Can You Bring A Parachute On A Plane?

In the world of aviation, the parachute is an emblem of safety and the ultimate backup plan. Its invention dates back to the 18th century, and today it remains a symbol of precaution for skydivers, pilots, and even passengers. The question of whether you can bring a parachute on a plane is rooted in a complex interplay of airline regulations, security measures, and personal safety concerns. The advent of commercial air travel and heightened security protocols, particularly in the post-9/11 era, has necessitated clear guidelines for what passengers can take aboard an aircraft.

With the increase in skydiving popularity and the general public’s growing awareness of safety procedures, passengers may wonder if a personal parachute could serve as an additional safety measure during flights. This idea gained some attention after high profile aviation incidents, leading to discussions about the practicality of carrying parachutes on commercial flights. Moreover, the transportation security authorities have established policies and guidelines specific to the carriage of parachutes, which take into account both the safety of the passengers and the security concerns inherent in air travel. These regulations are regularly updated to adapt to evolving security threats and safety standards within the industry, making the subject of bringing parachutes on planes a relevant and ever-evolving topic.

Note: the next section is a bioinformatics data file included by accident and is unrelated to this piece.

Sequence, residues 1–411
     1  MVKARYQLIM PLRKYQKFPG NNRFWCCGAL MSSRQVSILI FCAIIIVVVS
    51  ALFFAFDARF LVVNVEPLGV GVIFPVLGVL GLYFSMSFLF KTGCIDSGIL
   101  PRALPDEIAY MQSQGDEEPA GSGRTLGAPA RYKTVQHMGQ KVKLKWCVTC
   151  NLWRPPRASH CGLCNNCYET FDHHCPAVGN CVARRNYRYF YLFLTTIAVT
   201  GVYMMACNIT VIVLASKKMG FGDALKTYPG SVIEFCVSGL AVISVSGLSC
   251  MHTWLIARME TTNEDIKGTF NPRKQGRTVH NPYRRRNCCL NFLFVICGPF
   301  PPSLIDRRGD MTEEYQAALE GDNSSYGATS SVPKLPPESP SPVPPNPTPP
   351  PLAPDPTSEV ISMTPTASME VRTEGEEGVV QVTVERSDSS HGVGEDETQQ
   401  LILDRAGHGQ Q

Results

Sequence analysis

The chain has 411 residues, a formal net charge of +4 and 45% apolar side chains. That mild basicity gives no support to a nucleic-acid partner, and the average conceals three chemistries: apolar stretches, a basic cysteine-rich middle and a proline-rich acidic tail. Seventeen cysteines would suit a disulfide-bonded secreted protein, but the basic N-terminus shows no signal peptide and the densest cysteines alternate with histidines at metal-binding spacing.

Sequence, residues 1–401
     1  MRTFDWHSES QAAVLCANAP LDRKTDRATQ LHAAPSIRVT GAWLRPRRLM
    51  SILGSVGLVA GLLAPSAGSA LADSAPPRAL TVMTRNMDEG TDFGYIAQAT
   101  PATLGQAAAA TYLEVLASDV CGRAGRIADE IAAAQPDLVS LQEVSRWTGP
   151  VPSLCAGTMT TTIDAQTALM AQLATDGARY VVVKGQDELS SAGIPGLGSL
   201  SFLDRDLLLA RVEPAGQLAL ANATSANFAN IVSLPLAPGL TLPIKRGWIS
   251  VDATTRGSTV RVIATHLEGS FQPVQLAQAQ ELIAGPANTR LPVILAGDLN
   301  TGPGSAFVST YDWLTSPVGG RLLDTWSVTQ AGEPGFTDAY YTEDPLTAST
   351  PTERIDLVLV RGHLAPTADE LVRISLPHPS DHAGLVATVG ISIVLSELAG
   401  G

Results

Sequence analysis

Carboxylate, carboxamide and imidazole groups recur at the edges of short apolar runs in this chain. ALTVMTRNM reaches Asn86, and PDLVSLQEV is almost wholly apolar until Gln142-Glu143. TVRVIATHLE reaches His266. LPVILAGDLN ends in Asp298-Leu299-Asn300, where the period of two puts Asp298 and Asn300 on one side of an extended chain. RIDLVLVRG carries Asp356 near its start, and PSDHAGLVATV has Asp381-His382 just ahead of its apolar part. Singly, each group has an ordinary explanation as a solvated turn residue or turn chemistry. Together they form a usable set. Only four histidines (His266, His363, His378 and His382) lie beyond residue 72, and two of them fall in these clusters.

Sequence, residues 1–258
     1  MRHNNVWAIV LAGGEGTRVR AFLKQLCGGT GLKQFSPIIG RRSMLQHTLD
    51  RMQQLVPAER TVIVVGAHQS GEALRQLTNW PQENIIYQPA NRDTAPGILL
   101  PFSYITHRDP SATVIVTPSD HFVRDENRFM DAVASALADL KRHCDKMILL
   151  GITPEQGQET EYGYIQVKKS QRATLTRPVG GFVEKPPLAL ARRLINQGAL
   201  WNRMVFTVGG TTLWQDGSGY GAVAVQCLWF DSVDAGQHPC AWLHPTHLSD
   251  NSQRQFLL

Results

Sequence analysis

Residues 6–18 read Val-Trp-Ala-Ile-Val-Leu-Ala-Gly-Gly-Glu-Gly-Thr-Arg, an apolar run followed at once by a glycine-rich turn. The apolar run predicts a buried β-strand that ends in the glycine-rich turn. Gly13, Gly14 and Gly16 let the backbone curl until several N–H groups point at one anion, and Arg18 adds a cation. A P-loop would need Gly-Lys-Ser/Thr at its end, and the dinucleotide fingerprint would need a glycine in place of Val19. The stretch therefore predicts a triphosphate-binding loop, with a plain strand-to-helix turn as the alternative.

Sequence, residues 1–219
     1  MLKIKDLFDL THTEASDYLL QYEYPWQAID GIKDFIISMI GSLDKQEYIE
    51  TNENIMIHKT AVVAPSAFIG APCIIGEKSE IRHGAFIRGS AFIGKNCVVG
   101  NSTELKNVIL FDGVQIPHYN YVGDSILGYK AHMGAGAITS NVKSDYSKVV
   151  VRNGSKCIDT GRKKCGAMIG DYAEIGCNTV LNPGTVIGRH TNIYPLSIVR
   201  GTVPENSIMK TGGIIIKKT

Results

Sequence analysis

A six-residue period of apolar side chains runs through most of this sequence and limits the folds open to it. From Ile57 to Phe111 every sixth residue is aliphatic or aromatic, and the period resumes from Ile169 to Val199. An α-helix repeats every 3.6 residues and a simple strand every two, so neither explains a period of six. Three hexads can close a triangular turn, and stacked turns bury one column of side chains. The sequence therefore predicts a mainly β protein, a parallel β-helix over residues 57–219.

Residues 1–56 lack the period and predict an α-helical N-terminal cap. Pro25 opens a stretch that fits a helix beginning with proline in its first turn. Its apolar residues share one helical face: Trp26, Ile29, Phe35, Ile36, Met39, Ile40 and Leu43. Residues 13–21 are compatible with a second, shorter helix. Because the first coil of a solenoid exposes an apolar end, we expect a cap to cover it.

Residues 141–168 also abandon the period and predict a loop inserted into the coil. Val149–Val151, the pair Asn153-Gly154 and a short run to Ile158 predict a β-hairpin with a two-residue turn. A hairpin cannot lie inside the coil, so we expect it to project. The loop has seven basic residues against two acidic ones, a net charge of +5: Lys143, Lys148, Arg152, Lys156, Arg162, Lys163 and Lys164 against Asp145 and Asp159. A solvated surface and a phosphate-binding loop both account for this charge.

Can you bring a parachute on a plane

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Can You Take A Parachute On A Plane?

Traveling with a parachute on a commercial flight is generally permitted by most airlines, but it’s essential to adhere to the airline’s specific regulations and the Transportation Security Administration (TSA) guidelines. Parachutes are typically considered a piece of sporting equipment and can be brought aboard as carry-on or checked luggage. However, it’s crucial to inform the airline during the booking process or at check-in, as there may be size and weight restrictions. Additionally, passengers should have their parachutes packed properly and may be required to demonstrate that the equipment is safe and does not contain any prohibited items. For those interested in skydiving destinations or who wish to have their gear with them for peace of mind, understanding these guidelines is key. Continue reading for a detailed exploration of the rules and tips for flying with a parachute, ensuring a smooth and hassle-free travel experience.